While not everyone will experience a hives outbreak in their lifetime, many people will have this skin condition at least once. And for some, hives are a regularly occurring episode in their lives. Here’s how to figure out what’s causing your hives rash and when it may be time to see a doctor.
Hives (also known as urticaria, welts, or wheals) are raised, itchy, red bumps on the skin. This skin rash can occur in everyone -- from infants to the elderly -- and can present as a one-time episode or on an ongoing basis. Hives on skin can show up as just one lone red bump or as a patch of many raised red bumps. The rash can appear virtually anywhere, but it most commonly manifests on the face, neck, chest, stomach, back, or arms. Especially in cases of allergic reactions, hives can also appear on the tongue and in the throat.
Unfortunately, in about half of all hives cases, the trigger is unknown. While this might be okay in a fleeting case of hives, it can be frustrating to not know what’s causing the rash if you repeatedly break out in hives. The rash can be caused by a host of triggers, including medications, allergic reactions, and infections.
Certain foods, ingredients in personal care products, irritants in detergents or cleaning solutions, insect bites and stings, and even exposure to plants and the sun can all cause hives. Therefore, it’s difficult to pinpoint a trigger without the help of a dermatologist or allergist, who can test the skin for allergens.
If you experience an outbreak of hives, it’s a good idea to apply a cold compress as soon as possible. This can be a cold washcloth or an ice pack wrapped in a thin towel. Additionally, taking a bath with colloidal oatmeal or baking soda can help relieve the itch of the hives rash, especially if it has spread over the body. These home remedies can help soothe the hives outbreak in the short term.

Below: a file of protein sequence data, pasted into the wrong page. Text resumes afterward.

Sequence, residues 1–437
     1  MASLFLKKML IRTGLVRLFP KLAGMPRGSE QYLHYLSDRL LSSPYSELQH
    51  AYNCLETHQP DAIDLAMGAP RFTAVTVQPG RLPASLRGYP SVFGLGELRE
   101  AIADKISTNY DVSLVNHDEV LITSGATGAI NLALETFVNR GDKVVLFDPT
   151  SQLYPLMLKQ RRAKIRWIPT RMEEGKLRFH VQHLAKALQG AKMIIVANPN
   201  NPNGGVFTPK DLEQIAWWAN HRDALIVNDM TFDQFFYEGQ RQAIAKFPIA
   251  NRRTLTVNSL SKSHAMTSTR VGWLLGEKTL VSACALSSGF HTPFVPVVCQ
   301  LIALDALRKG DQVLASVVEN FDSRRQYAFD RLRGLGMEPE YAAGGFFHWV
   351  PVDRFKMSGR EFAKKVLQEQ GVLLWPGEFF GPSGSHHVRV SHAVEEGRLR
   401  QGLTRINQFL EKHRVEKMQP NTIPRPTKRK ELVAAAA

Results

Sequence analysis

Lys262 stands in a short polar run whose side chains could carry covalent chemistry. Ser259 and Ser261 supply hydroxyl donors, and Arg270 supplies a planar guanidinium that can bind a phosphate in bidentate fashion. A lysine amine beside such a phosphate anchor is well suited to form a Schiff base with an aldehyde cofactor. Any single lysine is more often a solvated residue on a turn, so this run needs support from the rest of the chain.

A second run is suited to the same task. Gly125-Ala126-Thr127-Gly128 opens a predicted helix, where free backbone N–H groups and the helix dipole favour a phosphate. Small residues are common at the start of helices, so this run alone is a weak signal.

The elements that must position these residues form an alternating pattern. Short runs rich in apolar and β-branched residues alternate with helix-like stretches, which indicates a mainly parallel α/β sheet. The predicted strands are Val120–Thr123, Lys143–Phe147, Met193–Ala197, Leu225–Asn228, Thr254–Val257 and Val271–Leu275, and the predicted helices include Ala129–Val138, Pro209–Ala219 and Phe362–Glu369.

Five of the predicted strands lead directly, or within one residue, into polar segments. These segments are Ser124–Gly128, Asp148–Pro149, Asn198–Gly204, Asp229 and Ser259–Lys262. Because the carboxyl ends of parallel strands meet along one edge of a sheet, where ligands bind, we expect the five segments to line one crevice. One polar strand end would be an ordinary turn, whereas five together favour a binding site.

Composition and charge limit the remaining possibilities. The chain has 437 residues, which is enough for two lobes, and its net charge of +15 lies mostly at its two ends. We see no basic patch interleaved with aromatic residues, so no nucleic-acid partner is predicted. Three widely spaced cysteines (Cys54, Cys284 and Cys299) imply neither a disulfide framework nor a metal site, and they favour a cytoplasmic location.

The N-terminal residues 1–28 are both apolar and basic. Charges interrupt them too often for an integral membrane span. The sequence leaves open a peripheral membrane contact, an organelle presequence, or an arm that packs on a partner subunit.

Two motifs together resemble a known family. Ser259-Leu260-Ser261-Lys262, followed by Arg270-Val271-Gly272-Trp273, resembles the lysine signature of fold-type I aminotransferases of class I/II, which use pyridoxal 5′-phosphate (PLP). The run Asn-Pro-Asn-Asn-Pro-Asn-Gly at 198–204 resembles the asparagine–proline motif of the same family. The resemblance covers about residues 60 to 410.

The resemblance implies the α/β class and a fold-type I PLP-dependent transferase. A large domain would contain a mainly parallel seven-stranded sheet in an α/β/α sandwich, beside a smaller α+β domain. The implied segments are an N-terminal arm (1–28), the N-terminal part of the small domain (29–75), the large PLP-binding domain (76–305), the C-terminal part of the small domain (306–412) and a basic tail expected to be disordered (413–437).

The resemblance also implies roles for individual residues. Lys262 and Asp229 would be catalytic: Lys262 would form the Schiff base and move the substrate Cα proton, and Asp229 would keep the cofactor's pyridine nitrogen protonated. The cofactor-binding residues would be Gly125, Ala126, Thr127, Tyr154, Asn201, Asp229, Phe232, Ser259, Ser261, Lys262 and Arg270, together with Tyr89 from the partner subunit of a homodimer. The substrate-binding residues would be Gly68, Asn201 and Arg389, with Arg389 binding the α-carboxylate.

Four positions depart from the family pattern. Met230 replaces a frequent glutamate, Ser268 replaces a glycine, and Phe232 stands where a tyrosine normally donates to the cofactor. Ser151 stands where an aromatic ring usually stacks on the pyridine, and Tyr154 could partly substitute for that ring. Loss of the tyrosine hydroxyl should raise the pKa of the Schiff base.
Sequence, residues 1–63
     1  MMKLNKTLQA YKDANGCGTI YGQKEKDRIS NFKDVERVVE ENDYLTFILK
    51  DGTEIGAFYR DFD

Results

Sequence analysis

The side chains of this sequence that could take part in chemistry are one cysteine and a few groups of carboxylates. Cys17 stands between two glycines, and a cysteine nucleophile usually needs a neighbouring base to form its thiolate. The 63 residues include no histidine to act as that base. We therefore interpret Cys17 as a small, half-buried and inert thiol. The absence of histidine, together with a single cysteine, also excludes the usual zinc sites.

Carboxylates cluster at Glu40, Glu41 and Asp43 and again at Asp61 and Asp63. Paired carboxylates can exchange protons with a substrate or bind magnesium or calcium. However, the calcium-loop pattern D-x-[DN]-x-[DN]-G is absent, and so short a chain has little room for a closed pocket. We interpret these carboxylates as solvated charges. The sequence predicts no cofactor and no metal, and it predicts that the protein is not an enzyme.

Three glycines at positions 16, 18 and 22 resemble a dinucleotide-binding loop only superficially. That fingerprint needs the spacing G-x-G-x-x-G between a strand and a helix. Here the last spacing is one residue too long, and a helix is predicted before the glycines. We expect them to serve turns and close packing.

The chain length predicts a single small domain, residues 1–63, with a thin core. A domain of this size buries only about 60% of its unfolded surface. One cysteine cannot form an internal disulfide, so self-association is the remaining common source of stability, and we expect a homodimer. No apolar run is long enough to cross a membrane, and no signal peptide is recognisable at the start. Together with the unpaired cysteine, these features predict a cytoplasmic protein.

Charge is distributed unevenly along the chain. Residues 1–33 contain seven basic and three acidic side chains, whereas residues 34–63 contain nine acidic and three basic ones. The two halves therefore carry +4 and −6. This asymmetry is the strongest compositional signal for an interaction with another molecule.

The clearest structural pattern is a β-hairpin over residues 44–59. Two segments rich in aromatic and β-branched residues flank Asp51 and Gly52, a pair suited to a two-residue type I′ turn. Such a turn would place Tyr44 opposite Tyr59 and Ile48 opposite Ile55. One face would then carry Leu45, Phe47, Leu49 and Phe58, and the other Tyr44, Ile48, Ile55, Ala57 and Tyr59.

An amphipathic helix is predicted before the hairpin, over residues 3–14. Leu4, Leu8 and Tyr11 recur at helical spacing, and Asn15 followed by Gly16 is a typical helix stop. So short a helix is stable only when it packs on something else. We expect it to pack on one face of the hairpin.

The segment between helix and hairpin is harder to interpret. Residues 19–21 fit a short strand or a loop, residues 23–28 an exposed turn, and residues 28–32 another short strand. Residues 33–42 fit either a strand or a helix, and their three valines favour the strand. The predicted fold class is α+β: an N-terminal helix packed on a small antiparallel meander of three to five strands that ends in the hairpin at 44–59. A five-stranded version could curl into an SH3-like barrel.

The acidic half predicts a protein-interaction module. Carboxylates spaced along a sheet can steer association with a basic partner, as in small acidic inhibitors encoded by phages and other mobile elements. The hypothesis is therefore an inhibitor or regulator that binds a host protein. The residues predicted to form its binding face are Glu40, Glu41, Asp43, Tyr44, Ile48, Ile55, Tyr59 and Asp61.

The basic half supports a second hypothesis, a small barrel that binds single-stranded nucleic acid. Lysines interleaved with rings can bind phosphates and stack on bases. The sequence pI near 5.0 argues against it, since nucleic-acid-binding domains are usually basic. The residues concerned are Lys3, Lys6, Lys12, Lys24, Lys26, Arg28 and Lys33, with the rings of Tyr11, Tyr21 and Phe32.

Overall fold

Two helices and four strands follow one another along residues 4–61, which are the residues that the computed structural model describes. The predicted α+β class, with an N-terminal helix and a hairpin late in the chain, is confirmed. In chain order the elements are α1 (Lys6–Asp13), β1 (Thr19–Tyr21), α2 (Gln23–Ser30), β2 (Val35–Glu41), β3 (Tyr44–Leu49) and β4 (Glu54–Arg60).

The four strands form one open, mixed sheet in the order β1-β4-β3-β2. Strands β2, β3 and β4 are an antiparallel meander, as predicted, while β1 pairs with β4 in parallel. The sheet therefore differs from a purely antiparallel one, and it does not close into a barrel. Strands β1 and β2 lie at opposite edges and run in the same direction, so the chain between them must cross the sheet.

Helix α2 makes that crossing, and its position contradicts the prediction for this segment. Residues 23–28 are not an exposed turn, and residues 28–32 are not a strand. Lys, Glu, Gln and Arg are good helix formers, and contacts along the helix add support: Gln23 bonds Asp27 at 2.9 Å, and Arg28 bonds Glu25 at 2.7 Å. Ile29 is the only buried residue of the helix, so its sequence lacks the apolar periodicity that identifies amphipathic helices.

Longer-term hives treatment options generally include antihistamines and topical medications. In fact, it’s often helpful to take an oral antihistamine immediately following a hives outbreak to help reduce the swelling and inflammation. Over-the-counter topical medications can relieve the itching and swelling as well, and a dermatologist can prescribe prescription-strength corticosteroid creams if needed.
Preventing the rash isn’t always easy, especially since many people don't know what their hives triggers are. In general, it’s good practice to wear lightweight, loose-fitting clothing and keep your home cool. If you’re in direct sunlight or intense heat and feel too warm, you should try to seek shade or get indoors as soon as possible to avoid overheating and breaking out in hives. If you know your triggers (like skin care or cleaning products, medications, or certain foods) then you should avoid them as much as you can to prevent hives.
If your hives outbreaks are frequent enough that they’re interfering with the quality of your life, make an appointment with a dermatologist. Through skin prick testing and patch testing, as well as tracking foods and product use, you may be able to identify whether the hives are being caused by an allergen.
If your hives rash is accompanied by anaphylaxis, you should go to an emergency room immediately. In the case of anaphylaxis, you may risk closing of the throat, which can be fatal if you don’t get help right away. This often happens when someone is highly allergic to a substance, and it’s recommended that these patients always carry an EpiPen.
If you’re breaking out in hives frequently or having serious reactions that last for days or more, see a dermatologist right away. If you’re in the greater New York City area, contact Vanguard Dermatology today. Our board-certified specialists can help.